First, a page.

J: So. Now I have one more question for you about the Shame.
J: If you bring your attention to the body part of it, and just scan through the center, do you notice anything? Is it the same kind of substance all the way through the center, or is there something else in there?
S: What immediately I saw when you said like scanning through its body, so it’s like the part inside the quills, the spikes…
J: Mm hm.
S: I mean there was almost like this little red valentine heart in there, that, you know, it’s the same substance or like it’s soft like the rest of the body, so it’s not like hard, but there was very much this little, I mean literally, almost like a valentine heart inside it.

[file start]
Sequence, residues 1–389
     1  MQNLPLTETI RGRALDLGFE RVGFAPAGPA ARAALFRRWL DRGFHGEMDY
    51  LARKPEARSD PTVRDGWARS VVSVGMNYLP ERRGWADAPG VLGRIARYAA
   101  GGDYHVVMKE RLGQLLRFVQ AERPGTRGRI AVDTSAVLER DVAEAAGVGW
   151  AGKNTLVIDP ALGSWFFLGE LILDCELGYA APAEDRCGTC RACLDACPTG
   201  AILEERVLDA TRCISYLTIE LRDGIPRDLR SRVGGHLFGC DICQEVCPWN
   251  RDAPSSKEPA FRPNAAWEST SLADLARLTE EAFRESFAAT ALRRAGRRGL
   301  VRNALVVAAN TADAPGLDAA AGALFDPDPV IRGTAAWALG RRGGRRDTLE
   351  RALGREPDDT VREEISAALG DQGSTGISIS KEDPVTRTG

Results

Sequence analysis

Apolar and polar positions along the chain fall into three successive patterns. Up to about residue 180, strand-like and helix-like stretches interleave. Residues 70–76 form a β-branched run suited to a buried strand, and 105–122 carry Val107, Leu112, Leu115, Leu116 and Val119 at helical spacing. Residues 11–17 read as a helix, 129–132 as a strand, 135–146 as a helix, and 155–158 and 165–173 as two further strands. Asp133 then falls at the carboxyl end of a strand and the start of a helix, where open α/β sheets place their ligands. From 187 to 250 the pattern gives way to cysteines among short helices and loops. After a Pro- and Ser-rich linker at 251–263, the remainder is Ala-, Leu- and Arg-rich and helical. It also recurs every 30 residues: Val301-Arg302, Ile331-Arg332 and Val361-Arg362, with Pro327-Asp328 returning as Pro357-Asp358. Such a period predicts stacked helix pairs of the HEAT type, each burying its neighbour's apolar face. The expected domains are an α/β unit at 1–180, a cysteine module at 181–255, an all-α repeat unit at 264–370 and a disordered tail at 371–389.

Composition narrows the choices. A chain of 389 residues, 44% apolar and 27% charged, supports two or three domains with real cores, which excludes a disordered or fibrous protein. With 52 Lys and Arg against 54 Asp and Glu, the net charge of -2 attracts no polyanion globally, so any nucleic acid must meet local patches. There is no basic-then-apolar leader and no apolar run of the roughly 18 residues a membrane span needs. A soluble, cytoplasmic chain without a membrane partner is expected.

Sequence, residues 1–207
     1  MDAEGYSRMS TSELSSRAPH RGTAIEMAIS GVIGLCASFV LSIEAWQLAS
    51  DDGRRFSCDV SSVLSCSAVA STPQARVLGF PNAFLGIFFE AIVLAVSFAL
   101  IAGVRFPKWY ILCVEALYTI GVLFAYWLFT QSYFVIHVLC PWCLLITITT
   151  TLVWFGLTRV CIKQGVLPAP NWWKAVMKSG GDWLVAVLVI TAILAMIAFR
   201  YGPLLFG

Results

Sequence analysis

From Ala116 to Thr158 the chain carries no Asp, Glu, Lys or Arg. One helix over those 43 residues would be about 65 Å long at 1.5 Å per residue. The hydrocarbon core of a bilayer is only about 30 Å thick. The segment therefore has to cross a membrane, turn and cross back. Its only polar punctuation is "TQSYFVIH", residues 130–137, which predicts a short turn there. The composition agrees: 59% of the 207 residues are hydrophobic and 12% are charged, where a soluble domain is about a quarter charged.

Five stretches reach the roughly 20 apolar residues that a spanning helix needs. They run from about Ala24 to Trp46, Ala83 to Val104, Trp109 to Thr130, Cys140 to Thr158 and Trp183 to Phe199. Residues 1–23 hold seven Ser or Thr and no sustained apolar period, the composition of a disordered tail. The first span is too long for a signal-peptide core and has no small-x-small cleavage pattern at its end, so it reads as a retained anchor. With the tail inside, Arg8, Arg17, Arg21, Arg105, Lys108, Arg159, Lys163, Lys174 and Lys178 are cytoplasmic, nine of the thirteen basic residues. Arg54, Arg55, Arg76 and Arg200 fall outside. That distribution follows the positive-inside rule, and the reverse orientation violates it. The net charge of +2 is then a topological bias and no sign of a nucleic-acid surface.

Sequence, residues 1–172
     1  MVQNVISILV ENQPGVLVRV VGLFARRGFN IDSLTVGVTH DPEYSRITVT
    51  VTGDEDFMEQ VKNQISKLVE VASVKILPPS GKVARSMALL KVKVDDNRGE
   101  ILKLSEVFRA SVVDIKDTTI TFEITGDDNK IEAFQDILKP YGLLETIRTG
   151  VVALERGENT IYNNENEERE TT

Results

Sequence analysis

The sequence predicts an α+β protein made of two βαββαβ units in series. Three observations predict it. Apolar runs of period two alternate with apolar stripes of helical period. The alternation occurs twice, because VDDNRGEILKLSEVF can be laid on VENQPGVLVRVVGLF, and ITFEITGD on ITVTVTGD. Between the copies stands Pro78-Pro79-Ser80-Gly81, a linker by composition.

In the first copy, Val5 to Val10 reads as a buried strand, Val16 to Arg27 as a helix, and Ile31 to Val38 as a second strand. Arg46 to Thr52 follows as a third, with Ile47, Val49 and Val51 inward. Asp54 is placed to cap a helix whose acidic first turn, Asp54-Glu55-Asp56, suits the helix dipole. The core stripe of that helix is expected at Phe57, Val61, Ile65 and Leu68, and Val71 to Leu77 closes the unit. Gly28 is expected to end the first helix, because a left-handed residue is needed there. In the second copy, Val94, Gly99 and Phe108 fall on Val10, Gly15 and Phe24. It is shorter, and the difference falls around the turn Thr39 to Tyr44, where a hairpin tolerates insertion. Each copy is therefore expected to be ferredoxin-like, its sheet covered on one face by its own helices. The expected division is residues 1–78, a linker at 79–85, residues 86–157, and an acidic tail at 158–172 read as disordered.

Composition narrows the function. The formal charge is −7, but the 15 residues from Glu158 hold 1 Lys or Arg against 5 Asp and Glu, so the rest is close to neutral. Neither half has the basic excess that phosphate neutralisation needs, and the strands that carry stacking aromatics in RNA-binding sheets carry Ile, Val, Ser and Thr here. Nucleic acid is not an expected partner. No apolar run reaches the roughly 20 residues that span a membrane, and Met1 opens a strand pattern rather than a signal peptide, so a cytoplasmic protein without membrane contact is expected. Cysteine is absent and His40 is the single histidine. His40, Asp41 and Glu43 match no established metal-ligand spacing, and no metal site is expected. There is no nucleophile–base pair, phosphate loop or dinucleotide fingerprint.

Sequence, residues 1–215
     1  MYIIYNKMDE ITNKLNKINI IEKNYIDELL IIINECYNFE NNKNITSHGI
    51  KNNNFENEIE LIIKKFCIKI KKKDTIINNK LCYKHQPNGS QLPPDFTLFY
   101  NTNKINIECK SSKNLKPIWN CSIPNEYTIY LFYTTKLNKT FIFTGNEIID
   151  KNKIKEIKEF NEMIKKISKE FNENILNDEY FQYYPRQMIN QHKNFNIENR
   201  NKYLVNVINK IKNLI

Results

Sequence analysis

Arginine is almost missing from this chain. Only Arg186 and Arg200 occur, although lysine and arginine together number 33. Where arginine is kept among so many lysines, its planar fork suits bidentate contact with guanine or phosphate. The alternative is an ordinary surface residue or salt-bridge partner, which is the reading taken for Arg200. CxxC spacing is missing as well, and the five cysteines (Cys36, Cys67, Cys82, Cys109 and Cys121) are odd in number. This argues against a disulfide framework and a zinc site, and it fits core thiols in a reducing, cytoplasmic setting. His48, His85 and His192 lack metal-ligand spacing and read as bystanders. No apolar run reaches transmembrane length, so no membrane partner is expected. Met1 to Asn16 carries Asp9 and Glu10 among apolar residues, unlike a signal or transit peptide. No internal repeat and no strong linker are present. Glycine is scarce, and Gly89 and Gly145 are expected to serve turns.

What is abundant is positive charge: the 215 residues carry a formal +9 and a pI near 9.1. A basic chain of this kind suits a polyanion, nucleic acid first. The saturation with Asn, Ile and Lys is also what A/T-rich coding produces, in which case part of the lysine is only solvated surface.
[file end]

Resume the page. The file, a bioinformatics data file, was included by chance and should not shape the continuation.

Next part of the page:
J: Uh huh. OK. So what would you like to call that?
S: And I would just say love.
S: It’s Love.
Aha! Just as I suspected. The hidden state being protected by all those spikes is a vulnerable little thing called Love.
Notice the chuckles here and while mapping the porcupine Shame. It’s quite extraordinary in this process that people are often able to engage with quite distressing feeling states and maintain enough of a safe and stable witness perspective as to have a sense of humor about it all.
I’ll just say, though, that this is not always the case. Sometimes Feelingwork will lead to very heavy, dark places. While the mapping process does provide a measure of separation, facing and entering these places can be exhausting, especially when you’re working on your own without a facilitator.